HP’s Omen line continues to evolve with the Omen 15 and 17, which drew admiration with its decidedly avant-garde metal lid. But the crown jewel of the bunch is the Omen X 2S, which has a small secondary display at the top of the keyboard deck. Also, HP’s entry-level gaming systems shouldn’t be overlooked as the HP Gaming Pavilion 15-dk0046nr is a head-turner in its own right with its black and green color scheme.
Support and Warranty (12/20)
HP’s support site is quite unorganized, but the community forums are active and provided the necessary information to troubleshoot our laptop’s issues. The website also has a detect your product tool which quickly found our model and ran a diagnosis on its hardware.
However, the live service tool was a nightmare and asked us to sign in five separate times before it inevitably just connected us to a virtual assistant. However, their Twitter support team was also incredibly helpful. However, our experience with HP’s phone service was quite abysmal. One agent attempted to pressure us into purchasing an extended warranty while another told us downloading something as simple as the new Edge browser could only be done by spending an additional $50 to $100 on a special warranty package.
HP laptops come bundled with a one-year warranty on parts and labor with 90 days of software support. Accidental damage protection can be purchased for separately which includes 24/7 tech support and in-home service. HP will also pay for the shipping of any laptop that needs repairs.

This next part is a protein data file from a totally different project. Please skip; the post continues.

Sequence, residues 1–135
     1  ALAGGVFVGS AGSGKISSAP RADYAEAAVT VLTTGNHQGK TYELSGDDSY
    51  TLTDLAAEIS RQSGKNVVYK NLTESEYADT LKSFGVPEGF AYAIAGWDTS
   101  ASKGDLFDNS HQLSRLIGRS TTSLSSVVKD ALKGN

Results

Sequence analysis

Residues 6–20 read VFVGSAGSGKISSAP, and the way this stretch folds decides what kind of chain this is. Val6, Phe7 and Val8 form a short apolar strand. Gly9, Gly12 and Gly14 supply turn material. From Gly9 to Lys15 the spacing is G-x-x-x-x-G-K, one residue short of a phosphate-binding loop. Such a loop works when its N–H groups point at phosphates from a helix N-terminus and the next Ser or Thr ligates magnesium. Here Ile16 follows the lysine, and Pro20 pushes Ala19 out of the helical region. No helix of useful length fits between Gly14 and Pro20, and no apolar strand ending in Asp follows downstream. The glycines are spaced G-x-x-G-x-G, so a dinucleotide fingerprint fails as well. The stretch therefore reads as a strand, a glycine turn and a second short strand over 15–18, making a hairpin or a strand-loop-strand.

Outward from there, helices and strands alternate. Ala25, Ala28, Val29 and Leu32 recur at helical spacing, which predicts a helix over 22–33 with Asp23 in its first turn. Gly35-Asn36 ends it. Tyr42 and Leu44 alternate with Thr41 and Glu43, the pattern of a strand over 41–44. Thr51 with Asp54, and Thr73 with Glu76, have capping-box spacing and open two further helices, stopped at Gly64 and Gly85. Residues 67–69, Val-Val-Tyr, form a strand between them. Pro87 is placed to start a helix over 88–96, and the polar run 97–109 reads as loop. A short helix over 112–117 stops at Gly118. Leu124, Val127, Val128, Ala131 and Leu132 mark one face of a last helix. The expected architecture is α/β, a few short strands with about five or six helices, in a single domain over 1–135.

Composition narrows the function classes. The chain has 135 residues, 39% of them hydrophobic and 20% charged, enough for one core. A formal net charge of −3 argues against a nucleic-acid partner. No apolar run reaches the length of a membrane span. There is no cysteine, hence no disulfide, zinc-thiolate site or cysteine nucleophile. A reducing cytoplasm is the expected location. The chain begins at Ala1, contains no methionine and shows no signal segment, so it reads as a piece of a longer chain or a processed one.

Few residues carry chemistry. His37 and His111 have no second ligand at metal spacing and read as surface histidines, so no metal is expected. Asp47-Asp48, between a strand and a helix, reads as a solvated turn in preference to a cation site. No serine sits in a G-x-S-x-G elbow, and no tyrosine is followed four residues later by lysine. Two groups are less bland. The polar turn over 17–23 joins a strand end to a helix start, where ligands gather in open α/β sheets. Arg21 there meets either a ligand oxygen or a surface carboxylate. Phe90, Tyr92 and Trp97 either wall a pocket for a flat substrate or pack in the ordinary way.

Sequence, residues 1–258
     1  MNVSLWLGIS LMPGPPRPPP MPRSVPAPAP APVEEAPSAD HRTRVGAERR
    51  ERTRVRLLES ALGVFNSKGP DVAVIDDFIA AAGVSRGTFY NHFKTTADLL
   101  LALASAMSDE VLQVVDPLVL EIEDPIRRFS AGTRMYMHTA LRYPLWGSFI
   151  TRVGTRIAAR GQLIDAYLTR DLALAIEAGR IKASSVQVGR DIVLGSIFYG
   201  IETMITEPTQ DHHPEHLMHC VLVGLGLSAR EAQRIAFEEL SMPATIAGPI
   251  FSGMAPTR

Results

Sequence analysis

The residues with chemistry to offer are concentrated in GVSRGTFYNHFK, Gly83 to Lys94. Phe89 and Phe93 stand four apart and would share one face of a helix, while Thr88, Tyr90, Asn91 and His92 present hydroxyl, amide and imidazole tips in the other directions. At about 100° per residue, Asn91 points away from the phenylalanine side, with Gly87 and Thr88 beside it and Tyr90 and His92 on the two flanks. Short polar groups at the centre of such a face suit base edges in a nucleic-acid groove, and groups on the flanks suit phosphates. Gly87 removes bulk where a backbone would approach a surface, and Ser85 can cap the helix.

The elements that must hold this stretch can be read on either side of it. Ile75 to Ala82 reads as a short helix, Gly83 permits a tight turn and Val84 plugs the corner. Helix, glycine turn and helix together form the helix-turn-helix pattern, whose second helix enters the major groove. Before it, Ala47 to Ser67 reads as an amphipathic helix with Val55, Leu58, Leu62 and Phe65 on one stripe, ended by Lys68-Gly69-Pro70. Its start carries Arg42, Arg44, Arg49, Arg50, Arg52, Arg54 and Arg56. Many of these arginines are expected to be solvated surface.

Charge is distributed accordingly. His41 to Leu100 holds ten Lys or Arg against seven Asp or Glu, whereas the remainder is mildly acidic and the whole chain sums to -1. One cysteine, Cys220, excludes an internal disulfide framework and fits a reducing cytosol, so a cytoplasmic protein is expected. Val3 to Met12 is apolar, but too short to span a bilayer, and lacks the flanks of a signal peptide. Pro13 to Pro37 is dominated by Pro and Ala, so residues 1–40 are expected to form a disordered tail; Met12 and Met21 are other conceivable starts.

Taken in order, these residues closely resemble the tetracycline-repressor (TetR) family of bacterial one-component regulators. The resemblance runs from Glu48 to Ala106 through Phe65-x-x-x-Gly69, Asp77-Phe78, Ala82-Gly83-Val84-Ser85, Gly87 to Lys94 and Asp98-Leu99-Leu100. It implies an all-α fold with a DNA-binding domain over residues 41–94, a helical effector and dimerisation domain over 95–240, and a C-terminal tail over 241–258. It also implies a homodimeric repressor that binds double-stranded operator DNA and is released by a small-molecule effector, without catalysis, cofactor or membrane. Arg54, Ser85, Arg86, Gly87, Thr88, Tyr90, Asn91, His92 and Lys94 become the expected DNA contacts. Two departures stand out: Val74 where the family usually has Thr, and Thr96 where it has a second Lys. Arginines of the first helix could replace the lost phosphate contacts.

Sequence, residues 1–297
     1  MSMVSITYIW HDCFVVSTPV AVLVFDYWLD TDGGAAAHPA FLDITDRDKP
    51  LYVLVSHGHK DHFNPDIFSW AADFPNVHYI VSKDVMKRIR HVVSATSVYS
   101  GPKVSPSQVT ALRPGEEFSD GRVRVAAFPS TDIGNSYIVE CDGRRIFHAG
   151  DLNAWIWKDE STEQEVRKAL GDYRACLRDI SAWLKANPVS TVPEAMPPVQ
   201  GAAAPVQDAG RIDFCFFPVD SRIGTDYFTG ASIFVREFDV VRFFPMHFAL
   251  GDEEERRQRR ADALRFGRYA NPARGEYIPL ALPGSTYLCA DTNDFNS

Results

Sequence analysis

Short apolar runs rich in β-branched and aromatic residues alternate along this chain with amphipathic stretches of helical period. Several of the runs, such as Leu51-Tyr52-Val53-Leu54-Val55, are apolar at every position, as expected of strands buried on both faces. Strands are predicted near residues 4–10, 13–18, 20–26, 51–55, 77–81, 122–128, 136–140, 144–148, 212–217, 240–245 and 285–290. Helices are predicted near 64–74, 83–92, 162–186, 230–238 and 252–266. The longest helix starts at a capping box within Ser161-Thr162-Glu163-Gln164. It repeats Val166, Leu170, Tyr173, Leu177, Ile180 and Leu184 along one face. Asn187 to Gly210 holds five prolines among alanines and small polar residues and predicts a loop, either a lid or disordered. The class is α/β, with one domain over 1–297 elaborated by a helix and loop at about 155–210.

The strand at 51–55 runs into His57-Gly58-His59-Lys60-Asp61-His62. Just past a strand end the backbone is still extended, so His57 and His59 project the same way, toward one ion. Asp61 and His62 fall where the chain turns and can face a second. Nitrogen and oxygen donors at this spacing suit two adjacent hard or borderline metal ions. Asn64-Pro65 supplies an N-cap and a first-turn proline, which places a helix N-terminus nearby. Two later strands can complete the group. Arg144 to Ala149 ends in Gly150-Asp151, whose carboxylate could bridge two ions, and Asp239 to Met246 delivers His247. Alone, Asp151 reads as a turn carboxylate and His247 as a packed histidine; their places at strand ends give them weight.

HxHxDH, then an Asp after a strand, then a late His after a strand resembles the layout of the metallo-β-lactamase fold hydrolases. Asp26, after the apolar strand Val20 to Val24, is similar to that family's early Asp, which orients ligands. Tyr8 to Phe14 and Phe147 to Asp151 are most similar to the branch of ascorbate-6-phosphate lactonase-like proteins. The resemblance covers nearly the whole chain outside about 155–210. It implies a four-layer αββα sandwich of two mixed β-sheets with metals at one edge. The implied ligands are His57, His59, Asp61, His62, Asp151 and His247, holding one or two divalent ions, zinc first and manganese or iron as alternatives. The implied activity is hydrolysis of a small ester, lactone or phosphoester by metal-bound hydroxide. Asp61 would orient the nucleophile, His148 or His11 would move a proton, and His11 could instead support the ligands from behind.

HP has always been on the forefront of innovation — I mean, come on, the California-based tech giant actually manufactured a laptop that is partly made of wood with a special edition of the HP Envy 13. That’s pretty darn cool.
When it comes to its gaming models, HP also gets our hearts pumping with its new innovative features. Dipping its toes into the dual-screen pool, we’ve seen HP add a dash of WOW to the HP Omen X 2S with its keyboard-deck display. Admittedly, the Omen X 2S does need some tweaking to make it more worthy of its premium price tag, but that’s the beauty of innovation — risks are involved, but when you get it right, the payoff is worth it.
HP is also innovative in terms of creating environmentally friendly devices. The HP Elite Dragonfly, for example, is the world’s first notebook made with ocean-bound plastic material.
Value and Selection (14/15)
HP offers a wide range of laptops. If you’re looking for cheap laptops, mid-range laptops or premium beasties, HP has got you covered with the HP 14 Laptop ($399), the HP Envy 13 ($799) and the HP Spectre x360 ($1,799), respectively. And if you’re looking for a Chromebook, the HP Chromebook 15 ($469) is an excellent choice.
HP has one of the best business and workstation lineups around. One of its best business laptop entries is the HP Elite Dragonfly ($2,169). Unfortunately, we didn’t get to review any of its ZBooks this year, which are a part of its workstation series, but the previous ones we have reviewed are great.
When it comes to gaming laptops, HP covers budget gaming laptops with its Pavilion line, like the HP Gaming Pavilion 15-dk0046nr ($909). Meanwhile, the HP Omen 15 ($1,149) dips into mid-range gaming, while the dual-screen HP Omen X 2S ($2,849) covers the more expensive gaming endeavors.